In Black Buck, Mateo Askaripour uses a gregarious Black salesman in an all white company to satirically take down corporate America. Through sharp-witted humor and a lot of heart, Askaripour sheds light on the microaggressions and blatant racism Black men and women go through on a daily basis.
The book has been praised by everyone from Publishers Weekly to The Today Show and was one of Debutiful‘s best debuts to read this month.
Below, Mateo Askaripour answered A Life of Books, Debutiful‘s ongoing questionnaire to better get to know writers and what inspires them.
Is there a book or series that, when you think back, helped define your childhood?
No, not really. But I do have a memory: I was three, sitting on my bed in my mother or grandmother’s lap, with my infant brother next to me, and being asked to read from Clifford the Big Red Dog. That memory, of my mother or grandmother, after a long day, taking the time to help me read, is embedded in my DNA.
My mother and grandmother fostered a love of the written word in me and my four brothers, and whether it was reading Frog and Toad––which is perhaps the first time I saw two beings of the same sex loving each other in such a profound and real way––or being scared shitless by the Left Behind series, I’ve always had a meaningful relationship with literature, even if that relationship has been on and off throughout my life.
Would you want any children in your life (yours or relatives’) to read those too? Or what’s your philosophy on what children read?
Most definitely, but also other books with more Black and brown children, teenagers, and adults. When I was a kid, it never occured to me that I was missing out on anything by reading all of these books about animals, white kids, and people––it felt just as normal as looking at one of my mother’s cookbooks and seeing a white woman smiling with a casserole in her hand, even though that shit looked nasty as hell!
When it comes to what children read, I think they should read widely, of course, but if we’re talking Black and brown children, they should begin with reading books that reflect themselves back to them instead of some arbitrary, white standard.
Moving to your school years: what book did you read in high school and hated (or skipped reading at all) that you learned you loved later in life?
I don’t remember hating any book that I read in high school. We read a lot of white writers––John Steinbeck, Nathaniel Hawthorne, Harriet Beecher Stowe, Shakespeare––but I honestly enjoyed those. Fortunately, we also read books like The Bluest Eye, but that’s really the only Black book I can remember reading in high school, which is criminal. Still, it was also in high school that I was introduced to Kurt Vonnegut, through his short story, “Harrison Bergeron,” which still has its hold on me today.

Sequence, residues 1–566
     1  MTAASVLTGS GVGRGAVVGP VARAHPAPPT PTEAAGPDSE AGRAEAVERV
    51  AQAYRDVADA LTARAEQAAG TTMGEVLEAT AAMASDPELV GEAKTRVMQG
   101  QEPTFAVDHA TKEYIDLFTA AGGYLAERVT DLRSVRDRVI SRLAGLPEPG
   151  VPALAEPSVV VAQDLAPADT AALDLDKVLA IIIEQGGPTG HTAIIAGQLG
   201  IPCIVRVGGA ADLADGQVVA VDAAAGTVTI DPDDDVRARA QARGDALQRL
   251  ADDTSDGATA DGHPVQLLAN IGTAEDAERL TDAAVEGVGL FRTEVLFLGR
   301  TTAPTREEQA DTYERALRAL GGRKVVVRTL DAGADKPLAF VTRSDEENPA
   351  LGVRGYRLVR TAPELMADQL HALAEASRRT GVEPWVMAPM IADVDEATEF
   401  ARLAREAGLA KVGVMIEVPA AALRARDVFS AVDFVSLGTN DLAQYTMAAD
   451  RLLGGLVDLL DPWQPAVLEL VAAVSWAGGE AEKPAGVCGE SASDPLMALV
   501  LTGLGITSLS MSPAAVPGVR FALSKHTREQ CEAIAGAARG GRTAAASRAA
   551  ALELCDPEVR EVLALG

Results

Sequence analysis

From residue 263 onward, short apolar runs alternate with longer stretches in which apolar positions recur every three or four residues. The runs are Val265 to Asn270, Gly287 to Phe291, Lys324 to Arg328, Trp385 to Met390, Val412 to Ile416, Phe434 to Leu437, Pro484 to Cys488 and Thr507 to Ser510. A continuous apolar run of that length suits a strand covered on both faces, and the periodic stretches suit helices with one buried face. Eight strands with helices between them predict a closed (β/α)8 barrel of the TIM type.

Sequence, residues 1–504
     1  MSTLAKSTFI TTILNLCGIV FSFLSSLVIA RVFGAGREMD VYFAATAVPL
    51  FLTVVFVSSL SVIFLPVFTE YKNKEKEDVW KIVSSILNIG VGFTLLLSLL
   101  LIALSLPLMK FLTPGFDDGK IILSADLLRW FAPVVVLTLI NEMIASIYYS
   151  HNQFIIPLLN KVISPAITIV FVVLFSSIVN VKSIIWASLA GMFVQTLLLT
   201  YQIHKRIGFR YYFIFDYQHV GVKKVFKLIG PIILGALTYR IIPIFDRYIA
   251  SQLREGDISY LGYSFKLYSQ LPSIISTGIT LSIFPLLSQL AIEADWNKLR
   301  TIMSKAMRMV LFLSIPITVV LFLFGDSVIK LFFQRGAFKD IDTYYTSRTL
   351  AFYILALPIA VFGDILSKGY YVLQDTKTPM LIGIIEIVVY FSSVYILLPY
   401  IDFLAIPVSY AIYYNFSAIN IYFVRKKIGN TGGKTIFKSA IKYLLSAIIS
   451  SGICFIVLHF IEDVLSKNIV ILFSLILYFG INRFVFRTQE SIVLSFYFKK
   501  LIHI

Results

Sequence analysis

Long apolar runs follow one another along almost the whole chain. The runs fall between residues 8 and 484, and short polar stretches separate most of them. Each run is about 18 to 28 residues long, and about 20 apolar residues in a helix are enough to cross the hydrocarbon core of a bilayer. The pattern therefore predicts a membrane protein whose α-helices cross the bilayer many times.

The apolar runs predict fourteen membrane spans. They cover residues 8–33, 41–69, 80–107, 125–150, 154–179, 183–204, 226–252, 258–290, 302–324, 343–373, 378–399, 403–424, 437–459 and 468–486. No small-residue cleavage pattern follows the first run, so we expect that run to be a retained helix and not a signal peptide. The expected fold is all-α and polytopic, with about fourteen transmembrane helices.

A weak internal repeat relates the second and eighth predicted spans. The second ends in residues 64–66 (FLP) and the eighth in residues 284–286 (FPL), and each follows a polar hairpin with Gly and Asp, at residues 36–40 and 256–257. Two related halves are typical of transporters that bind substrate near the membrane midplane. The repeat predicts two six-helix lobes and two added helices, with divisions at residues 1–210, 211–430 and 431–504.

What about the opposite way? One you loved in your teens, but realized you didn’t love it so much later on?
Nothing comes to mind for this one, probably because I haven’t revisited any books that I read as a teenager. That’s something I want to be better about, though––rereading my favorite books. I’ve only reread a handful of books, which I know people may ostracize me for, but life is short and the list of books I want to read is long, so let me live.
Are there any books that you read while writing your debut that helped shape the direction you took your own book?
Without a doubt. If He Hollers Let Him Go, Behold the Dreamers, To Sell is Human, Black Docker, Pimp, If Beale Street Could Talk, The Angry Ones, The Residue Years, and The Intuitionist are a few. Those books shaped my writing in countless ways, ranging from helping me better understand voice to being inspired enough to come to the page every day with the requisite amount of energy, confidence, and desire to turn my ideas into reality by any means necessary.
Before beginning my debut, I read The Sellout, which played a large role in opening up my eyes to what was possible in fiction.
What is a book you’ve read that you thought, Damn, I wish that was mine?
Whoa! This is a good one. I know you only asked for one, but three that come to mind are: Americanah, Portnoy’s Complaint, and A Different Drummer. The opening pages of each made me close my eyes, shake my head in disbelief, and think, “YO! WHAT?!”
What books helped get you through quarantining and social distancing during 2020?
How Much of These Hills is Gold is one, for sure. It took me on a journey that’s hard to forget.
The Spook Who Sat by the Door is another. I felt as though the author, Sam Greenlee, and I were having a one-on-one conversation, and that he was saying, “See? Shit was crazy back in 1969 when my book came out, and shit is still crazy now, get to work.”
And just so I don’t exhaust you with book upon book, I’ll end with Leave the World Behind. I enjoyed it for many reasons, with the main one being that I don’t usually read thrillers, especially ones that aren’t fast-paced, so I had to work a little bit to get into it, and it paid off.
And, finally, I have to ask… I’m sorry. What’s next? But wait! Only use three words.
Promo. Readers. Joy.